My First Time Snowboarding at Alyeska Resort and How I Almost Got Careened by a Backflipping Skier

Taking the Glacier Bowl Express to the top of Mount Alyeska. Photo by Clay Duda.
Taking the Glacier Bowl Express to the top of Mount Alyeska.

On my first trip ever to Alyeska Resort it was dumping snow the night we pulled into town. And when I say dumping, I mean DUMPING snow. Big fat flakes fell in sheets as we sat inside Girdwood Brewing and amped ourselves up about our the next day on the mountain.

I was a little nervous, I’ll admit. It was my first time at Alyeska — a mountain known for being “steep and deep” — and also my first time EVER snowboarding at a real ski resort. I was still leaning to snowboard, and the steepest hills I had seen thus far were the mostly kid-friendly slopes at the Homer Rope Tow. Even then, I was shying away from the toughest runs, which are smaller than Alyeska’s bunny hills.

When we woke up the next morning, there was nearly 3 feet of fresh snow at the top of Mount Alyeska. You could hear avalanche bombs exploding in the distance as the sun made a slow ascent above the peaks, and we were stoked.

Tips and Mistakes Spearfishing Whitefish on the Chatanika River near Fairbanks

Spearfishing whitefish on the Chatanika River, September 2023. Photo by Clay Duda.
Spearfishing whitefish on the Chatanika River near Fairbanks, Alaska, September 2023. Photo by Clay Duda.

I didn’t even know what a freshwater “whitefish” was when I applied for a permit to spearfish them. I’ve lived in Alaska for 7 years now and never drawn a tag. I’ve put in for moose and mountain goat and Kodiak elk and a bunch of other things with no luck. So I figured my chances of getting a whitefish tag was slim to none.

Then, in August, I got an email back from the Alaska Department of Fish and Game awarding my first ever Alaska draw tag: to spearfish whitefish in the Chatanika River near Fairbanks. Me and my friend Dan were the only 2 people on the Kenai Peninsula to earn a tag.

Pew Pew Portraits with the Boys from Pig Problem, Inc.

Hog hunting guides with Pig Problem, Inc. in Americus, Georgia.
Handgun drills in Homer, Alaska with the Pig Problem, Inc. guides from Americus, Georgia.

It is September in Alaska, which means the fishing season is finally slowing down for us fishing guides in Homer. It also means that we have more time to hang out and goof off with friends since we’re not offshore fishing seven days a week.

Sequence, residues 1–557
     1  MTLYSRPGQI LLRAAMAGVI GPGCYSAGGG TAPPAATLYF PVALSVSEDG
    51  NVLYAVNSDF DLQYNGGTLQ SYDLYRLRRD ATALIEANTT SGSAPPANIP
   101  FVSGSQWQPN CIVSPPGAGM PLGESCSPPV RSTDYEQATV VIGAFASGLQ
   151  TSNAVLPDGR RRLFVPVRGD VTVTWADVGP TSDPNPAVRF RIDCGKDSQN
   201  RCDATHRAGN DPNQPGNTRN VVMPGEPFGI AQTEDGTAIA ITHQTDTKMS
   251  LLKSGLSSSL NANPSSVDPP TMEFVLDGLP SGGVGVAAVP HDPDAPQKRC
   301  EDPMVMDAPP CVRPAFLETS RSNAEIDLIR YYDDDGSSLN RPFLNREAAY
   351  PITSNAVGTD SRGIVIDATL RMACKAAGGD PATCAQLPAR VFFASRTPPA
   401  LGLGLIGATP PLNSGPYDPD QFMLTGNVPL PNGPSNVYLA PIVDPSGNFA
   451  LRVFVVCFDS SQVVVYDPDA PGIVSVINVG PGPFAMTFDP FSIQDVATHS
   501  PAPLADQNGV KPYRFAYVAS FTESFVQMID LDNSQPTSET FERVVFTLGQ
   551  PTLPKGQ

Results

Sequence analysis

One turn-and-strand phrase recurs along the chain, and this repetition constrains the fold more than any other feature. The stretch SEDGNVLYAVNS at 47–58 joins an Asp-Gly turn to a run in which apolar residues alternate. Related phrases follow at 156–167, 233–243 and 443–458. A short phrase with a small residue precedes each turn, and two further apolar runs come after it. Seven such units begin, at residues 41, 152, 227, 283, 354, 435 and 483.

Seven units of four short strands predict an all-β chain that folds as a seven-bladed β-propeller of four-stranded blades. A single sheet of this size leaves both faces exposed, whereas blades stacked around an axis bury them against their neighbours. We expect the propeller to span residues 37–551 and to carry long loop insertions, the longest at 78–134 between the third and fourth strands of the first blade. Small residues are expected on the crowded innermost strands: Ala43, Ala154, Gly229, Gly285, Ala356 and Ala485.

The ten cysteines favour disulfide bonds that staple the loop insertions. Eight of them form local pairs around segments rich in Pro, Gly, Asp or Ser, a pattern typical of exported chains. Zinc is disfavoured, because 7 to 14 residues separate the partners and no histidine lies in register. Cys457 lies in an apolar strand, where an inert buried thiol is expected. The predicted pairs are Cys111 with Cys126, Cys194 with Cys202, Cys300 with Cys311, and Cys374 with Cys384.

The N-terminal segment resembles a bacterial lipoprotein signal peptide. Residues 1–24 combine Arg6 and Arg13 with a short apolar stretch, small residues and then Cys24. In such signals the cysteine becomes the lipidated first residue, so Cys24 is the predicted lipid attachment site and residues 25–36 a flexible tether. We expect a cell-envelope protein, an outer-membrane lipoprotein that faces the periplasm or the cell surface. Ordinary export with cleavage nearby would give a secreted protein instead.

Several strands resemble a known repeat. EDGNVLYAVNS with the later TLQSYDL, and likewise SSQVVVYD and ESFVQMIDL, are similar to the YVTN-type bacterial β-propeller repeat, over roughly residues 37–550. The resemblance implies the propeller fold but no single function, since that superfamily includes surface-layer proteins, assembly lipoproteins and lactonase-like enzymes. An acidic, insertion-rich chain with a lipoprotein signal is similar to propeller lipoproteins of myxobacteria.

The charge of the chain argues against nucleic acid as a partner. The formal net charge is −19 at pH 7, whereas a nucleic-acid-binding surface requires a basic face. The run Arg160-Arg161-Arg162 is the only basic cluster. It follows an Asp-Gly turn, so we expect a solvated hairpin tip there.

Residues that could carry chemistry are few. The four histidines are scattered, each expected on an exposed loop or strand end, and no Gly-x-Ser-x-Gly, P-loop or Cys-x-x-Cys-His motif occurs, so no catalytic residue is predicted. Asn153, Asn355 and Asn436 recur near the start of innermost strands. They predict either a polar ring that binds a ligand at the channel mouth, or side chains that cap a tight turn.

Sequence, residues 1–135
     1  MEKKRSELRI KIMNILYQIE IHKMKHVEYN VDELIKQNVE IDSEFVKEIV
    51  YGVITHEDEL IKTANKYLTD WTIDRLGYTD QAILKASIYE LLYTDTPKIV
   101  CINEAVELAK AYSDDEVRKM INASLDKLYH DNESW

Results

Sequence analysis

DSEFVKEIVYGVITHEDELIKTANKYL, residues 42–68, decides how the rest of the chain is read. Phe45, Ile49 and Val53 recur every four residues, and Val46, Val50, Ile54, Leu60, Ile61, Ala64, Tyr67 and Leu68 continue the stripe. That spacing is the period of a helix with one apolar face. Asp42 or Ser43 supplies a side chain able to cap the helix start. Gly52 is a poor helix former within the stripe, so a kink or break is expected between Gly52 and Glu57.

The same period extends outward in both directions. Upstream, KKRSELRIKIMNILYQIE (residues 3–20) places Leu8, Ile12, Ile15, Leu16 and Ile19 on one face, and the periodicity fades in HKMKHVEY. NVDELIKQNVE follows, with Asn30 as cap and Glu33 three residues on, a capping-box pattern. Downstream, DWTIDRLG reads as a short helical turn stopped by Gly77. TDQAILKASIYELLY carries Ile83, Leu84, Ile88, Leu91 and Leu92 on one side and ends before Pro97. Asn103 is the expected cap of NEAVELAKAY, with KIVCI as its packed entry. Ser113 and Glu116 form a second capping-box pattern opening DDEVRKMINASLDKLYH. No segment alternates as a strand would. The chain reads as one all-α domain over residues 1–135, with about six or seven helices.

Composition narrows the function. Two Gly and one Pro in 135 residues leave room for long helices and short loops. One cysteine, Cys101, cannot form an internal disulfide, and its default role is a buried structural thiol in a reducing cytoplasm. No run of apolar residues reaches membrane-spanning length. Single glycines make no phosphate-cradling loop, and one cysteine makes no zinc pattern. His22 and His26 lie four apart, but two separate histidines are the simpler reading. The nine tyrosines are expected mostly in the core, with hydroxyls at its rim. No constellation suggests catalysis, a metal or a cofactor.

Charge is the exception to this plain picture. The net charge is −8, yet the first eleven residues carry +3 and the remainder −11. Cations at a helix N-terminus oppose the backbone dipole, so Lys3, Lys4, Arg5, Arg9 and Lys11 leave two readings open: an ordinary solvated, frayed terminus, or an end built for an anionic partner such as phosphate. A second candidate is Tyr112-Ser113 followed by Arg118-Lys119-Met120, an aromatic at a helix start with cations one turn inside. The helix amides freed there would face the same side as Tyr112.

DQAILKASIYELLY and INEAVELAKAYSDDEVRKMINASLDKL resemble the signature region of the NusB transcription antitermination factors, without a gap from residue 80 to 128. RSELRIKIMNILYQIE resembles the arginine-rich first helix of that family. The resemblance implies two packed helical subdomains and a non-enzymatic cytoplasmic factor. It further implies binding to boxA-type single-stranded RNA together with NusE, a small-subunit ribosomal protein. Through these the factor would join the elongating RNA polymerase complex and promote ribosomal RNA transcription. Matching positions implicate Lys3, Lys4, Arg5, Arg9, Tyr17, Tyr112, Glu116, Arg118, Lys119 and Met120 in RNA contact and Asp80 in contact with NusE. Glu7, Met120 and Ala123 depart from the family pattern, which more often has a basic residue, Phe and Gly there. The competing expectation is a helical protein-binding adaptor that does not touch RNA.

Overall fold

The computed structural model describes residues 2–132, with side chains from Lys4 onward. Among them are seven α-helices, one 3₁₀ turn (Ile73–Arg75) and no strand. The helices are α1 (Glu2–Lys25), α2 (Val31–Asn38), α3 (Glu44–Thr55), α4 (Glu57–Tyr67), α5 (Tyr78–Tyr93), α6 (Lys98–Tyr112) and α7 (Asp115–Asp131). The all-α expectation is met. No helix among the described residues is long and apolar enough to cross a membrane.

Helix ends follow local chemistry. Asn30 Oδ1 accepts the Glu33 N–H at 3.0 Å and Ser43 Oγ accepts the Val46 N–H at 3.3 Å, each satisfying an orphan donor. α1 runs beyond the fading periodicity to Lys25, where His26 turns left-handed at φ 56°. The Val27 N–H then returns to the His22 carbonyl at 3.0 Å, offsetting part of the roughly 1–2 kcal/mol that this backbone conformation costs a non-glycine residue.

A few days ago I caught up with some of the guides from Pig Problem, Inc. and went out for a little target practice. Most of these guys do thermal night hunts for hogs out of Americus, Georgia during the winter months and work on fishing boats in Alaska during the summer.

Ring leader Maximus Maximum was training up a new recruit and refreshing skills with handgun drills to put down charging boars or cardboard hitmen or something like that. I really just tagged along to take photos and smell gunpowder.

That Time We Caught a 100-Pound Halibut Hooked in the Tail

Two very happy anglers holding their catch aboard the Storm Petrel in spring 2020.

A light, icy breeze blew down Cook Inlet at we headed out of Homer, Alaska in the spring of 2020. The cloud ceiling was high, but the air was still filled with a grey morning light. A slight chop rippled the smooth, deep green ocean water as we throttled down in a thicket of kelp blooms north of Homer.

Fishing those areas can often be slow, but the fish are usually plump and healthy, and sometimes there are lunkers cruising the shallows looking for an easy meal.

It was early morning, maybe 7:30 a.m., when I threw anchor over the side of the Storm Petrel in just 30 feet of water. The stern of the boat pointed south with the gentle pull of an outgoing tide. My guys took their rods and dropped bait to the bottom — it didn’t take long to get down.